Hopefully, the worst-case scenario I wrote about above will never take place, but the Lamar area has to be prepared if it does. It is unlikely that another Tom O'Sullivan will come around to save the area, as the O'Sullivan Industries founder did when he moved here 40 years ago shortly after Lawn Boy, the city's biggest employer closed its doors. Steps need to be taken to encourage growth and expansion by companies like Thorco, Finley Engineering, and Epoch and the city and Chamber of Commerce need to continue to work to attract small industries that employ 50 to 75 people apiece to come to the city. It is highly doubtful that a major employer on the scale of O'Sullivan is going to come to this area, though you never can tell.
It would be preferable if O'Sullivan Industries continued to be a major employer for Lamar and the surrounding area. As long as our political leaders place the needs of stockholders above those of workers, there is reason for concern.
One of the jobs of law enforcement is to get drunk drivers off the streets.
Sometimes our legal system puts them right back behind the steering wheel.
The Missouri Southern District Court of Appeals Monday backed the Department of Revenue's appeal to Jasper County Circuit Court Judge Richard Copeland's decision that put Sara Ruth back on the streets.
Ms. Ruth's license was revoked for one year after she refused to take a breathalyzer test following a DWI arrest. Ms. Ruth had appealed the Department of Revenue's decision, and after a hearing, Copeland determined that she had been arrested for driving while intoxicated, but had not refused the breathalyzer test and ordered her driving privileges reinstated even though the record clearly contradicted his judgment.
The records said that on the evening of May 29, 2003, Captain Jason Wright and Officer Wanda Hembree were on patrol in Joplin. While they were stopped at a traffic light, they saw a Ford Ranger stopped in the right hand lane in front of them. The passenger door was open and someone was leaning out of the car. The officers pulled up behind the car.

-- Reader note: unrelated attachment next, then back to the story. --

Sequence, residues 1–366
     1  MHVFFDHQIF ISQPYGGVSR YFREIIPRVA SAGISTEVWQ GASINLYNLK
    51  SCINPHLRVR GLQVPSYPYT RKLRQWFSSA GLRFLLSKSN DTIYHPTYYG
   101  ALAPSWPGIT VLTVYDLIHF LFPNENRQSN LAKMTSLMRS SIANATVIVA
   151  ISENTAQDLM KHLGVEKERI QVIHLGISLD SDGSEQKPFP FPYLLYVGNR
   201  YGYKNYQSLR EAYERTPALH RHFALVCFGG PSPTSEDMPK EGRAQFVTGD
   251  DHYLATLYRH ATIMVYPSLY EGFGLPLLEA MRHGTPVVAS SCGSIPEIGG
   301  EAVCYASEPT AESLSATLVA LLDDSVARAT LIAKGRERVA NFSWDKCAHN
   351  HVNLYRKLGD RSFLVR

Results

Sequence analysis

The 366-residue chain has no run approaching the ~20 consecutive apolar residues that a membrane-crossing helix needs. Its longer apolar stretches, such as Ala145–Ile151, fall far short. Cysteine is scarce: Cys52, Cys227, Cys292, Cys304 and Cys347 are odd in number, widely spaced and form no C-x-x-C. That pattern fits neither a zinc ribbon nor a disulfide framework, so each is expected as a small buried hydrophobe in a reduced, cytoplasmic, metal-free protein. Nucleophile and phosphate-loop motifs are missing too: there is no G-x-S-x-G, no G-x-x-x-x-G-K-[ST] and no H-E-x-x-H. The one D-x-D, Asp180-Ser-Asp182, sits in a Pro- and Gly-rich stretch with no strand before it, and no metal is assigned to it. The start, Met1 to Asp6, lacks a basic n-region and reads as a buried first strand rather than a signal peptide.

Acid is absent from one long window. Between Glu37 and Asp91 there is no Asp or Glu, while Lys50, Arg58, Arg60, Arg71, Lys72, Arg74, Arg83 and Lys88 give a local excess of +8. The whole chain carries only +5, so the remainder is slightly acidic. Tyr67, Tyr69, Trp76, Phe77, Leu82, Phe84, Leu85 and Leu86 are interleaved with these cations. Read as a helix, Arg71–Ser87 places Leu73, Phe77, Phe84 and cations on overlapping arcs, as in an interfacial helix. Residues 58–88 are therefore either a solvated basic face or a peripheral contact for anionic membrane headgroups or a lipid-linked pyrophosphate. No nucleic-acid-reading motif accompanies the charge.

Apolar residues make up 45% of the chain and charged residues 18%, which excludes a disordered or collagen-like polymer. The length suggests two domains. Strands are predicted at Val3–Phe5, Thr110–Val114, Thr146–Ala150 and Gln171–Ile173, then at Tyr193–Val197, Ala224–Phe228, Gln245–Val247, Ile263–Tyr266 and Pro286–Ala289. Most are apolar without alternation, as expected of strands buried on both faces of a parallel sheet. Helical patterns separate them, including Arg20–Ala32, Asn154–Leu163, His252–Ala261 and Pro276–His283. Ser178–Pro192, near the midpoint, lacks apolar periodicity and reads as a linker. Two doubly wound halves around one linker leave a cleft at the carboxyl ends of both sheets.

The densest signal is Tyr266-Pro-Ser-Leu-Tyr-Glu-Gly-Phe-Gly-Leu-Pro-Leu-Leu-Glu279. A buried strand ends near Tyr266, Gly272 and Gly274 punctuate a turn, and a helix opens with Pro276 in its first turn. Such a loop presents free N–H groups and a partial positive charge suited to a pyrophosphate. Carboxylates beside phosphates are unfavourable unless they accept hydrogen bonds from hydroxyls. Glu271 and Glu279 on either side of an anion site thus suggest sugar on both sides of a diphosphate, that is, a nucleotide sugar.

According to their report, the officer smelled alcohol. They asked the driver if anything was wrong. She said "her friend had too much to drink and was sick." Wright saw vomit inside the car.
Wright asked Ms. Ruth if she had been drinking. She said she had been drinking a couple of hours earlier. Wright detected a smell of alcohol coming from Ms. Ruth and wrote that Ms. Ruth's eyes were "watery, bloodshot, and glassy; she was wobbling and staggering; and her speech was slurred." Ms. Ruth had no problem with an eyetracking test, but failed the walk-and-turn test, the report said.
A preliminary breath test indicated she was drunk, according to the report, so she was arrested for driving while intoxicated. When they arrived at the Joplin Police Station, Ms. Ruth was given her Miranda rights, answered some questions, then she said she did not want to answer any more.
"The records show she was asked to submit to a chemical test of her breath. Hembree determined (Ms. Ruth) refused to submit to the test and noted the refusal" on the report.
At her trial, Ms. Ruth testified that since she had already been given the breathalyzer during the stop, she had asked if she could "have time to think about it" when the second request was made. She said she was never asked and that the officer simply said on the report that she had refused.
Based on that testimony, Copeland restored Ms. Ruth's driving privileges.
In the appeal, the Department of Revenue said Copeland's decision was wrong because there were reasonable grounds for arresting Ms. Ruth for driving while intoxicated and the record showed she had refused the breathalyzer test. Under Missouri law, all persons who drive on state highways are "deemed to have consented to a chemical test of their breath."
According to the appellate court ruling, "The evidence presented at trial unequivocally shows that (Ms. Ruth) initially refused to submit to the breath test."
The appellate court ordered Copeland to reinstate the one-year revocation of Ms. Ruth's license.